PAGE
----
The races aren't quite all resolved yet, but it's never too early to start assessing blame: Why did the Democrats lose so monumentally?
And, let's be frank: This is a huge loss. Certainly, they've retained control of the Senate, but they had a fairly wide 59-seat starting point, which is very, very unusual. In any other year this would have been a full-blown rout. However, the previous seat allocation is completely legitimate, so give credit to the Democrats for retaining control.
Many pundits will argue that it's the economy, or President Obama's inability to communicate (whatever that means), or a general anti-incumbant mood, or any of a myriad of reasons. While all of them certainly contributed, I'll play the part of conspiracy theorist and say it all boils down to one thing: health care.
Now, whether or not you approve of the health care bill itself is fairly irrelevant to my point. (Despite my ingratiating libertarian outlook, I am not inherently opposed to universal health care--but there are right ways to do it and wrong ways to do it. Needless to say, the health care bill that passed was the opposite of the good way to do it. But, anyway...) The problem was that the health care bill did everything pretty much wrong.
It was done at the wrong time. To introduce a bill that is so wide-reaching in its scope in the middle of a recession seems almost suicidal. To have it drag on for an entire year is borderline insane. This, of course, had two effects. First, all of the political capital and energy that could have been used to create jobs* and control spending was instead spent on health care. This is not insignificant. Second, the health care bill will, if nothing else, guarantee that the health care portion of an employee's benefits are going to skyrocket--the majority of this cost, of course, being paid by the employer. When you are in the middle of a recession, why on earth would you pass something that makes small and medium business owners even more unlikely to hire a new person?**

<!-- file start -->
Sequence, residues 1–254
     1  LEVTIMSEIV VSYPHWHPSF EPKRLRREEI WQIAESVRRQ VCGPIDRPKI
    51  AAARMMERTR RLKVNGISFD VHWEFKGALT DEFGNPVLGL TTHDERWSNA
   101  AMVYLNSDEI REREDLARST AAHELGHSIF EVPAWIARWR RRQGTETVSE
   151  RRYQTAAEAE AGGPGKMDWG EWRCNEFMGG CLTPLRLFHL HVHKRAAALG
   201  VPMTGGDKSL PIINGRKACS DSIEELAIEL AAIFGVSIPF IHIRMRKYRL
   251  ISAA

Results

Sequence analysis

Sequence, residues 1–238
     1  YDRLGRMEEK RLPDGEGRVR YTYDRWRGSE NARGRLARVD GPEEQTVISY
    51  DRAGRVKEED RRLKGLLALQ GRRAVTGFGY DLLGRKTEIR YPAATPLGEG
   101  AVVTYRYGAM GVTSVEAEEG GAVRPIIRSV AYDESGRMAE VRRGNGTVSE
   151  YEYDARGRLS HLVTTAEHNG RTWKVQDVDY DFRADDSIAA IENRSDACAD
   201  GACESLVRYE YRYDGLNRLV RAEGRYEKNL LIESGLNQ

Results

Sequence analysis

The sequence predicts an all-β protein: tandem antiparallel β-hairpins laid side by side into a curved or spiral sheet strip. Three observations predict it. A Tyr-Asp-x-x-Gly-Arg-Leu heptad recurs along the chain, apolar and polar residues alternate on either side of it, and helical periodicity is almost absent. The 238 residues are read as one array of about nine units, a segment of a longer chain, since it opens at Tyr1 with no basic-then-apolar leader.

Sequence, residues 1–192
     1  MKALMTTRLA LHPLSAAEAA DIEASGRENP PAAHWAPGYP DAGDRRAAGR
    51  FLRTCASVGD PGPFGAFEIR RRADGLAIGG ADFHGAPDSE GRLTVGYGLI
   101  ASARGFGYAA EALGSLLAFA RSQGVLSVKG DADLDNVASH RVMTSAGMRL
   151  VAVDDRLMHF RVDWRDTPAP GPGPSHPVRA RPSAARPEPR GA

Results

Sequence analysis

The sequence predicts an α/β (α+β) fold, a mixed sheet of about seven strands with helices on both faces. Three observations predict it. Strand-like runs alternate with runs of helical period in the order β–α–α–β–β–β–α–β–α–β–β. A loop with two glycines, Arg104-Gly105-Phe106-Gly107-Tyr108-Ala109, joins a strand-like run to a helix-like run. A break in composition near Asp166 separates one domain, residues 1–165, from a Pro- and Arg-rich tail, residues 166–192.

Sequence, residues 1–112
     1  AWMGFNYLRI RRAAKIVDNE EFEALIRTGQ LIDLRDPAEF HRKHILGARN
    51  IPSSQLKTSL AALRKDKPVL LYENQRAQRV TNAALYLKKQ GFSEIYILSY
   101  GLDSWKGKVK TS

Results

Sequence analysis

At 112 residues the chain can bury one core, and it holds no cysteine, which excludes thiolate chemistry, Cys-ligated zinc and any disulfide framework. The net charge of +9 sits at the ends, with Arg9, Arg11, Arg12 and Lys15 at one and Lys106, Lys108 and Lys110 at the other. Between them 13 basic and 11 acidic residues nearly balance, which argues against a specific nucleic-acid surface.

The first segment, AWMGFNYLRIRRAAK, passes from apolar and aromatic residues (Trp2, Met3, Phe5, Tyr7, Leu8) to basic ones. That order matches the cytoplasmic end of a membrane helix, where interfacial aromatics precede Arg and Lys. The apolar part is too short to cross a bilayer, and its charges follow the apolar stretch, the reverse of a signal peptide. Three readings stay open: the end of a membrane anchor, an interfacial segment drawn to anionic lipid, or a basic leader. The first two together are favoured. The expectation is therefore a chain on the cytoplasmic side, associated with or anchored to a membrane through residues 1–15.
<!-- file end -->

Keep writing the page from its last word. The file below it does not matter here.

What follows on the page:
It was done the wrong way. The Republicans had promised to stop the health care legislation, so the Democrats in the Senate had to make sure they had 60 seats to break any filibusters. When Arlen Specter switched parties, they got exactly that--and proceeded to pass a bill laden with a lot of awful ideas. The House, of course, passed a separate version of the bill that had a different set of equally awful ideas. This, in and of itself, isn't a terrible thing--both houses of congress do this sort of thing, by both parties, all the time. All of those awful ideas get pounded out, reshaped, and eliminated when the two houses have to get together to pass the compromise bill. Well, a strange thing happened--Ted Kennedy died, and Scott Brown got elected in his place. All of a sudden they lose their 60-seat filibuster-proof majority. Unfortunately, this means that in order to pass the bill, the House has to pass the exact bill that the Senate passed--the one with all of the awful ideas--or start from scratch with a Republican filibuster looming. The Democrats chose to push on ahead with the awful bill rather than waste another year on another bill that they would have to compromise on. For a lot of people, passing an awful bill just so you wouldn't have to water it down for the opposing party seems equal parts arrogant and dishonest--especially since Brown's win in deep-blue Massachusetts was a clear message that people didn't like the health care bill as it was. [Now, to be fair, they did pass a reconciliation bill afterward, but it wasn't near enough to combat the bad bits in the bill. And the GOP was making no effort to offer a compromise; they wanted to kill it. Still, the warning rockets had been set off, and the Democrats more or less chose to ignore them.]